The admiral or captain of each ship should have international authority to hand down decisions pertaining to each it death by execution or that of a less severe punishment. And if by incarceration, then this should be done with law accordingly with whatever country where the admiral or captain has been licensed from. The interesting thing about the act of piracy is that there is no option for a "not guilty" plea - considering the fact that when a pirate forces his way on board the ship with a weapon, he has but one thing in mind...

Featured Videos

Your JavaScript is turned off or you have an old version of Adobe's Flash Player. Get the latest Flash player.
Russia’s Syria Involvement Raising Concerns in Europei
Luis Ramirez
October 02, 2015 4:45 PM
European nations are joining the United States in demanding that Russia stop targeting opposition groups other than the Islamic State militants as Russian warplanes continue to conduct raids in Syria. The demand came in a statement from Britain, France, Germany, Qatar, Saudi Arabia, Turkey and the United States Friday. VOA Europe correspondent Luis Ramirez reports.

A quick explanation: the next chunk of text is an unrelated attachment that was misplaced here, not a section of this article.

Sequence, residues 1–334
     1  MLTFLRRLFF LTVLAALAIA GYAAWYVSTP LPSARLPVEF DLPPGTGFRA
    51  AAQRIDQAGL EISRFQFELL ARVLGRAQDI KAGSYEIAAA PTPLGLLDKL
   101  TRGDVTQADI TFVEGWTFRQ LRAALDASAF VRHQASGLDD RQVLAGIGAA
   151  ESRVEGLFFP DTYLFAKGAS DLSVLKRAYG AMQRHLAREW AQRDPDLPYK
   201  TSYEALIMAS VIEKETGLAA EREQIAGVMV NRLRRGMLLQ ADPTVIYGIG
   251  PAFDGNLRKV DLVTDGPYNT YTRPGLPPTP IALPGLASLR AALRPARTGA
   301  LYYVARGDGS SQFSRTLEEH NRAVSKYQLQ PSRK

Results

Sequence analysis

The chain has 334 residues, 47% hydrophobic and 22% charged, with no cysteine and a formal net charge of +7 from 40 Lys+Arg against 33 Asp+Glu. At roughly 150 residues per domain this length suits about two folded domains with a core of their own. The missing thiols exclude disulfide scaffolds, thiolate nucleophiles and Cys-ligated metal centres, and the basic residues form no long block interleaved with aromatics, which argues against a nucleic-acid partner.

Video Russia’s Syria Involvement Raising Concerns in Europe

European nations are joining the United States in demanding that Russia stop targeting opposition groups other than the Islamic State militants as Russian warplanes continue to conduct raids in Syria. The demand came in a statement from Britain, France, Germany, Qatar, Saudi Arabia, Turkey and the United States Friday. VOA Europe correspondent Luis Ramirez reports.

Video First Self-Driving Truck Debuts on European Highways

The first automated semi-trailer truck started its maiden voyage Friday, Oct. 2, on a European highway. The Daimler truck called 'Actros' is the first potentially mass-produced truck whose driver will be required only to monitor the situation, similar to the role of an airline captain while the plane is in autopilot mode. VOA’s George Putic reports.

Video Nano-tech Filter Cleans Dirty Water